How do I characterise my window function?

Do please forgive me here as I am more a practical than theoretical person. I have invented a window function which I use prior to discrete Fourier transforms. My field is sound, and the window is designed to make accurate measurements from adjacent frequency bins.

For example, an asynchronous 1,000.1 Hz sine wave sampled at 48kHz for a 240 sample DFT will read with a level accuracy of better than 0.02dB in the 1,000 Hz bin but bleeds less than -60dB in adjacent bins (800 & 1,200). While a 1,001 Hz sine wave bleeds less than -40dB into the adjacent bins. A synchronous sine wave at 1,000 Hz bleeds less than -150dB into either adjacent bin.

I would like to describe its performance to compare it to other windows. Wikipedia provides graphs of bins against amplitude for window functions. How would I create such graphs? Are there better, more revealing ways of measuring how effective a window function is? I need a simple and patient explanation I'm afraid because as I said my mathematical knowledge is not great. Your help and patience is greatly appreciated.

  • 1
    $\begingroup$ Sounds like you're doing sinusoidal modeling. You might wanna look at the this. I found that the gaussian window is sorta useful in determining both the frequency and amplitude of each frequency component but also the rate of change of both the frequency and amplitude. $\endgroup$ Sep 30 at 4:34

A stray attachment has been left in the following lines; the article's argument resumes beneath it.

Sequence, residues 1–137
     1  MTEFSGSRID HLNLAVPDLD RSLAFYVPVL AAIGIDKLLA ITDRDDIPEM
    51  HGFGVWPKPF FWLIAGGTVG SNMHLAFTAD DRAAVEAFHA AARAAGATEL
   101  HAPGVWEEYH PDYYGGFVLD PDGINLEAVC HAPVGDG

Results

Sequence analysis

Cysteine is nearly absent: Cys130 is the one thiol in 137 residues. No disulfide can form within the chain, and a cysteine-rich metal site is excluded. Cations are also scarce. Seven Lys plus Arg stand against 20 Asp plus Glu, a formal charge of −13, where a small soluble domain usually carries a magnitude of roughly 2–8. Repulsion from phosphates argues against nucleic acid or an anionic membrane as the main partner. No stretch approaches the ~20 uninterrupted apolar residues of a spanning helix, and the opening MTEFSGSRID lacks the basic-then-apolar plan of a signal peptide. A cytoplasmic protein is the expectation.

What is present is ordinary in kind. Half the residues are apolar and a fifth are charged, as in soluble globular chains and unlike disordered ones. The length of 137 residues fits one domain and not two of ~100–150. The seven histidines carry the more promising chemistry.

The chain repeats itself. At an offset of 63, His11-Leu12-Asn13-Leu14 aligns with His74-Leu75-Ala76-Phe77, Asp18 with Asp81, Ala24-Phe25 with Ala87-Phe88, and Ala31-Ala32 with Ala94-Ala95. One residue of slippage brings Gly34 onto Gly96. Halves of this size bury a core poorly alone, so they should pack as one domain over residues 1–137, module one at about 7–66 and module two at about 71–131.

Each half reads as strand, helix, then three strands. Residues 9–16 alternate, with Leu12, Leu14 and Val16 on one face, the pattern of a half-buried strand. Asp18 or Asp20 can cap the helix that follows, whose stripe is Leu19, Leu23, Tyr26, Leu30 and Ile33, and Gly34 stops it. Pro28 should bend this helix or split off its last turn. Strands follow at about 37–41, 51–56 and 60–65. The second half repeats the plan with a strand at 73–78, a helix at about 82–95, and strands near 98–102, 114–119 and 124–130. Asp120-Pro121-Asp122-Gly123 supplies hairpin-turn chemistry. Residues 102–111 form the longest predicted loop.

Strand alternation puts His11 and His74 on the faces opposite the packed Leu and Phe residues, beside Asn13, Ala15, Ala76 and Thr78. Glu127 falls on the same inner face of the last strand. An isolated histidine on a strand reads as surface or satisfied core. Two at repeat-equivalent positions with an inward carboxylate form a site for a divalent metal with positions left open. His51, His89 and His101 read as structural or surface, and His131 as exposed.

• $\begingroup$ Er, maybe. To be honest I don't know! I wanted to measure audio systems more precisely. I was looking for a window with good frequency discrimination (low spectral leakage) but good amplitude accuracy. Mine seems to do both very well. I'll try the Gaussian window for comparison though, and to see if it offers inspiration. A very big thanks for that, hugely appreciated. $\endgroup$
    – Richard
    Sep 30 at 13:56

1 Answer 1


An oldie but a goodie it fred harris's "On the Use of Windows for Harmonic Analysis with the Discrete Fourier Transform". It has a nice table showing different figures of merit for different windows.

The figures are:

  • Highest Side Lobe Level (dB)
  • Side Lobe Fall Off (dB / Octave)
  • Coherent Gain
  • Equivalent Noise Bandwidth (bins)
  • 3.0-dB Bandwidth (bins)
  • Scallop Loss (dB)
  • Worst Case Process Loss (dB)
  • 6.0-dB Bandwidth (bins)
  • Overlap Correlation for 75% and 50% overlap.
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    $\begingroup$ Thanks enormously. A very useful reference that looks like it is the go-to tome on specifying windows. It's going to take me some time to work out how to measure all these though. Really appreciated. $\endgroup$
    – Richard
    Sep 30 at 13:34

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